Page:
Earlier this year, I wrote a little post about how Harris Corporation and Aireon were working together to make accurate global aircraft tracking a reality. They’re doing this by placing GPS signal receivers and transmitters as an extra payload on board Iridium NEXT satellites. This allows GPS equipment to send a message through a special radio transmitter from an aircraft to the signal receivers and transmitters on the Iridium NEXT satellites, which would then relay to an air traffic control site, showing, in relative real-time, where the aircraft is. The message would contain very accurate information about where the aircraft is (speed, altitude, latitude, longitude, etc.). And what if you needed that data in an emergency, and you were able to get that for free? That’d be awesome, right?
At least that’s one of the things Aireon will do, according to their brochure. But they also emphasized in a press release from this Monday, that they will make the tracking data freely available in case of emergency. The data will be provided from a program they call the Aircraft Locating and Emergency Response Tracking (ALERT) service, which will provide the aircraft location data free of charge to those who have a need to know where their aircraft went.
How can Aireon make this free? While they don’t really say, they do expect airlines to adopt this technology which will enable some high fidelity air traffic control. The ALERT service is just one of their core aircraft surveillance services, so if airlines find the day-to-day tracking data useful for air traffic control, they just might pay for a subscription for the service for all of their aircraft. Of course, another way to make money is if there’s some sort of contract with particular governments for tracking aircraft and receiving data, too. It might be useful for certain shady agencies.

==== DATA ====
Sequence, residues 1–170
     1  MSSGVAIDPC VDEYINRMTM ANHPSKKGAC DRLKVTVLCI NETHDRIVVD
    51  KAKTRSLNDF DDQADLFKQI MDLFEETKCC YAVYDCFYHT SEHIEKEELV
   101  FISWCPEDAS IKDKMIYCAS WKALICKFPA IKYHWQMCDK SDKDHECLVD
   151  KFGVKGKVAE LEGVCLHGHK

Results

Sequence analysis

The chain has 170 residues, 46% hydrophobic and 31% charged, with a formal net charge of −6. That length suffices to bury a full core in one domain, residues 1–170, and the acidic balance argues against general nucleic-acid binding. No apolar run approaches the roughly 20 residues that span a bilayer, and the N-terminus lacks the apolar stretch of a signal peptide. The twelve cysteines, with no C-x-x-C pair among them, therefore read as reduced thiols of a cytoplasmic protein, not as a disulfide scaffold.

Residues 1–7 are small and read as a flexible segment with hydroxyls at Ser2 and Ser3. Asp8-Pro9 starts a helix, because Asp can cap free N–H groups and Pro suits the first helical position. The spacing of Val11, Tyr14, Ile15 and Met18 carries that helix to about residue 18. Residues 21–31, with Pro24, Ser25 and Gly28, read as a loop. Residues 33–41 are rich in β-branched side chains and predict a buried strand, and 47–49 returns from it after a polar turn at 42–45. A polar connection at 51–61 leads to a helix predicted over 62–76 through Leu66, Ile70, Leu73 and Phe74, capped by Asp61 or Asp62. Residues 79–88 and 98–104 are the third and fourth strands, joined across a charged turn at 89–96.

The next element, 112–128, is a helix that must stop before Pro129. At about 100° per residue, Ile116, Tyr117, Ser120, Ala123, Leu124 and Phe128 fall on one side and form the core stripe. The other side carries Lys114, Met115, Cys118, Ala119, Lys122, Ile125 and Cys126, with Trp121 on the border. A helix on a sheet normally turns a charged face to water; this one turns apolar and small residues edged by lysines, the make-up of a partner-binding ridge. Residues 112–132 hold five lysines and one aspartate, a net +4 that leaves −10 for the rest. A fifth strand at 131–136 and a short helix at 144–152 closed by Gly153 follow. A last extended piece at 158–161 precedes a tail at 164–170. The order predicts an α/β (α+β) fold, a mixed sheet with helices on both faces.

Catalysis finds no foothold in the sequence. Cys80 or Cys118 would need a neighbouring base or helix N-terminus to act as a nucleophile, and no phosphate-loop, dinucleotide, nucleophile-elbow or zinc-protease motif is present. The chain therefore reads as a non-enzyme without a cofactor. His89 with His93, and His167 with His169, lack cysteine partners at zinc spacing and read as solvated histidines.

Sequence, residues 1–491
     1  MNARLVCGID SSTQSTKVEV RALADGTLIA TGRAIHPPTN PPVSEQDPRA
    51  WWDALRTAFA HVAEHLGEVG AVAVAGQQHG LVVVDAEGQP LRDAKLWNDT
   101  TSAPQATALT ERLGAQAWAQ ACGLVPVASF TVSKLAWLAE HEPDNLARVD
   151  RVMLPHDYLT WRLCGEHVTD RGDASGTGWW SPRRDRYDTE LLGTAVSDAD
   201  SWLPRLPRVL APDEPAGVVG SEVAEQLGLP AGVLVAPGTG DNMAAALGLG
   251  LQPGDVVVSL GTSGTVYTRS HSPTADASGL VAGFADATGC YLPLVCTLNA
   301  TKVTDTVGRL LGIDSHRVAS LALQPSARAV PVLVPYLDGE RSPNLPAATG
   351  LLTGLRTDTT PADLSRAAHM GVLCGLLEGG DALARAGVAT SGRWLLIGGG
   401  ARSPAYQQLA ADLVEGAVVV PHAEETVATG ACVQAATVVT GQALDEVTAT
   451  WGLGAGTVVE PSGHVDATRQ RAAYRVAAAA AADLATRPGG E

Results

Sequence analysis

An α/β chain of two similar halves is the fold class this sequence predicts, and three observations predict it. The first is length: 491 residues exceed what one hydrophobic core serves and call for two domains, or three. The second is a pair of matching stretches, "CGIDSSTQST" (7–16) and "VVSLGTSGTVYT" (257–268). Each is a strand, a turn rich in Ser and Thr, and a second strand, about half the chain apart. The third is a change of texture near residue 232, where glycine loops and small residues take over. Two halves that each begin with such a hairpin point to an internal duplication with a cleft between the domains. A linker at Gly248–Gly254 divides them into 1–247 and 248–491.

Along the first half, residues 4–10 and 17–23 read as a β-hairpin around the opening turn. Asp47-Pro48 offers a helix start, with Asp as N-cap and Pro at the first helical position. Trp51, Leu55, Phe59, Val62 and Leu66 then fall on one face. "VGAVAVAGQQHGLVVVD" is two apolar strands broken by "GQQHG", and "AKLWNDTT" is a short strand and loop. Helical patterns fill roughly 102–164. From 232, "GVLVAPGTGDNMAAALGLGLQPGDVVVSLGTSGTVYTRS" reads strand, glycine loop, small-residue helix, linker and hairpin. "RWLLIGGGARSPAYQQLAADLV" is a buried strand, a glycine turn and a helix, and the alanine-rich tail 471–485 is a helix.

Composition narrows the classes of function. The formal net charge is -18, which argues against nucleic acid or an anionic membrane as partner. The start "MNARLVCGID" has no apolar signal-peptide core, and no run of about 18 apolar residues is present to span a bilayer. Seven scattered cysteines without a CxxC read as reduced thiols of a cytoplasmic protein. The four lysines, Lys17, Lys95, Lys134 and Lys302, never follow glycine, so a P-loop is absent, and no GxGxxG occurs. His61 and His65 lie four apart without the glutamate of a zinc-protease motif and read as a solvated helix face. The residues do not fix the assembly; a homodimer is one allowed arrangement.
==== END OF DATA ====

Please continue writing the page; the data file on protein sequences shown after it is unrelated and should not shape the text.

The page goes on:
Overall, this service might address some of the issues surrounding a future missing aircraft scenario, similar to the Malaysian Airlines Flight MH370 mystery. But if an aircraft is hijacked, and the circuit breaker or power switch of this Aireon system is shut off on board the airplane (and there likely will be a switch or a breaker, if only for safety and system isolation purposes), then the ALERT service will not be that effective. If you think that’s too far fetched, that a hijacker wouldn’t bother with learning how to do that, remember there were similar shenanigans with MH370.
Just don’t get too excited about your airplane being tracked just yet. First, you have to have the proper equipment on the plane. Second, you need a satellite (and really, more than one is required for this service to work) with the receiver/transmitter payload. Which means some time will be needed for all the pieces to be in place for this service. Aireon say they expect the service to be fully operational in 2017.